Presa La Mina Day Bimble

A half day bimble on an e-bike and a vintage mtb...

I enjoyed a lovely half-day ride yesterday, to the presas (reservoirs) that lie beyond Tlalixtac. It’s one of my favourite routes, in part because the city exit is relatively mellow (bar the chicane of unruly street dogs for Huesos to negotiate). It also passes by a number of friendly hamlets where waves and fresh fruit are guaranteed. Then a rough and stony dirt road flanks the mountains, crossing into Tomaltepec’s community land.
At the weekends there’s a small fee to pay to access the presas, which goes straight to the community. We picnicked on the shore and Huesos seemed especially happy to feel grass under his paws, zoomies-ing around in concentric circles chasing imaginary friends; he had his crazy face on as he rolled around with joyful abandon, which I always love to see. Then we all poked around the riverbed (sadly dry right now, due to the lack of rain), before retracing our steps back home again, via a round of mushroom-loaded gorditas and memelas, cooked over a comal at a corner side stand. We washed them down with a little-too-sweet agua de jamaicas.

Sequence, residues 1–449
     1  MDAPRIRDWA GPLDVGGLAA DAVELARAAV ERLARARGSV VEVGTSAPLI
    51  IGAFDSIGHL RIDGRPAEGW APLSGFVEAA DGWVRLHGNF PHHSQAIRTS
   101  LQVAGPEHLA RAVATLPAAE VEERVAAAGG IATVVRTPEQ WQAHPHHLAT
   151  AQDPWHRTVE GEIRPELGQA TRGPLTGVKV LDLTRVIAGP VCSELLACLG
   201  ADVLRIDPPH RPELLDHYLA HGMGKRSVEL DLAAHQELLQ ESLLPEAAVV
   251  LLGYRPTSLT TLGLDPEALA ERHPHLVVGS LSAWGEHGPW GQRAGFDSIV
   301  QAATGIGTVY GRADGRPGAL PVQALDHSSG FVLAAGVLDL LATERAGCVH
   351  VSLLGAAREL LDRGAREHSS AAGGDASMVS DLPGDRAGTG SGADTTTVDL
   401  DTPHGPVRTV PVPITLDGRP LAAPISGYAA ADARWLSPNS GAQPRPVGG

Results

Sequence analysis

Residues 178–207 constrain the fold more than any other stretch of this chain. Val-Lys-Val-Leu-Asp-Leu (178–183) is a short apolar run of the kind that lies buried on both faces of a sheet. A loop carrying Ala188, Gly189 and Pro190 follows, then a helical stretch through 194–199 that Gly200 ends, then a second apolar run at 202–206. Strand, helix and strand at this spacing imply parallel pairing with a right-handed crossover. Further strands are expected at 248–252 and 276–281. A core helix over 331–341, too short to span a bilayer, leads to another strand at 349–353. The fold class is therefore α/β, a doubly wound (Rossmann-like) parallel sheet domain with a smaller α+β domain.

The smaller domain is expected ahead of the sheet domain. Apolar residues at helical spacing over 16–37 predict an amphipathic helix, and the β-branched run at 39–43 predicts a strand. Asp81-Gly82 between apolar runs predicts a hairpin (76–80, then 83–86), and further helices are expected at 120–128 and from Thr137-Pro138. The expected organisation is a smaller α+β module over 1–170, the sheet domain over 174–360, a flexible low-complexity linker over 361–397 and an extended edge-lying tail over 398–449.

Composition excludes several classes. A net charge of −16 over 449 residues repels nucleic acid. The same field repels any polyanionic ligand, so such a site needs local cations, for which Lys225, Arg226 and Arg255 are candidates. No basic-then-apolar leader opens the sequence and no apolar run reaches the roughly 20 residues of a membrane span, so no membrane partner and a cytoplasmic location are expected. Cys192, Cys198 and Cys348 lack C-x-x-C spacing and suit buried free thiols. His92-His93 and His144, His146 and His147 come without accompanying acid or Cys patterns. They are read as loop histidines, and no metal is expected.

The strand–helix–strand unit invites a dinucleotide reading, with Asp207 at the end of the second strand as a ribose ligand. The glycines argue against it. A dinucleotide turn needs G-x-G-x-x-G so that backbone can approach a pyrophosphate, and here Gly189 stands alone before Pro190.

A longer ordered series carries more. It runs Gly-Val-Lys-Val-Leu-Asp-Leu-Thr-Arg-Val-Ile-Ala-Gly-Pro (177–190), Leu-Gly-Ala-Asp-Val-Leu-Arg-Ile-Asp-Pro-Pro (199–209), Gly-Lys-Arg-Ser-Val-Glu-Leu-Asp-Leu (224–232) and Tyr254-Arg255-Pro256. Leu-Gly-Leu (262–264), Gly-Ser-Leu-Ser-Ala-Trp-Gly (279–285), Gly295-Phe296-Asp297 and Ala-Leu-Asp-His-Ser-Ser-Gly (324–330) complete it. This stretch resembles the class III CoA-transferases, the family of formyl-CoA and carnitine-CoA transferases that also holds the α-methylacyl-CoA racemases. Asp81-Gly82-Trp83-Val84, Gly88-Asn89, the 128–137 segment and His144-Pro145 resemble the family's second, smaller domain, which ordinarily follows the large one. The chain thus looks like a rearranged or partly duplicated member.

I went with the Jones HD/e and pulled the Farfarer. I ride or run daily, so it’s fun mix it up; muscle-bike one day, e-assist another, and even plain old legs (occasionally). On a day trip like this, the e-bike makes cruising alongside an unladen rider way more enjoyable, given that I’m hauling a 5kg trailer and 18kg of Huesos behind me. I keep it on Level 2 most of the time, sometimes 3, very occasionally 4! The ride was 45km with 700m of climbing, and I used about 35 per cent of the battery, feeling pleasantly tired when I got back. I mostly appreciate the e-assist for getting in and out of the city, a mental a barrier that often dissuades me from heading out into the countryside during the week.
@chrome.alone rode one of his vintage chromoly delights, a 90s Haro with elevated chainstays, U-brake bosses, and a chrome platted fork. I think the thumb shifters, bought locally, were less than $5 for the pair, which just goes to show how financially inclusive these robust old bikes can be. They’re about perfect for Oaxacan countryside explorations, too.

I just love the trike and bike scene in many of Oaxaca’s valley hamlets. Murals are on point too.
Although the countryside feels lush and green, there’s been a real lack of rain this ‘rainy’ season.
Normally, this would be a stream here,
The reservoir is very low too. But still, a lovely to chill out by its banks and go for a quick dip.
That feeling of grass between the paws. So good!
Full vintage. Washed out tones and B+W.
Tlalixtac: more walls, murals and killer gorditas.
Heading back into town via Calle Beetle ‘n Combi. Beetles are called ‘vochos’ in Mexico.
Elevated stays. BMX stem and bars to get that cruiser position dialed. Chrome plated fork. And cheap and cheerful thumbies.

This is another shameless IG transcript. But at least you get a RWGPS file too…

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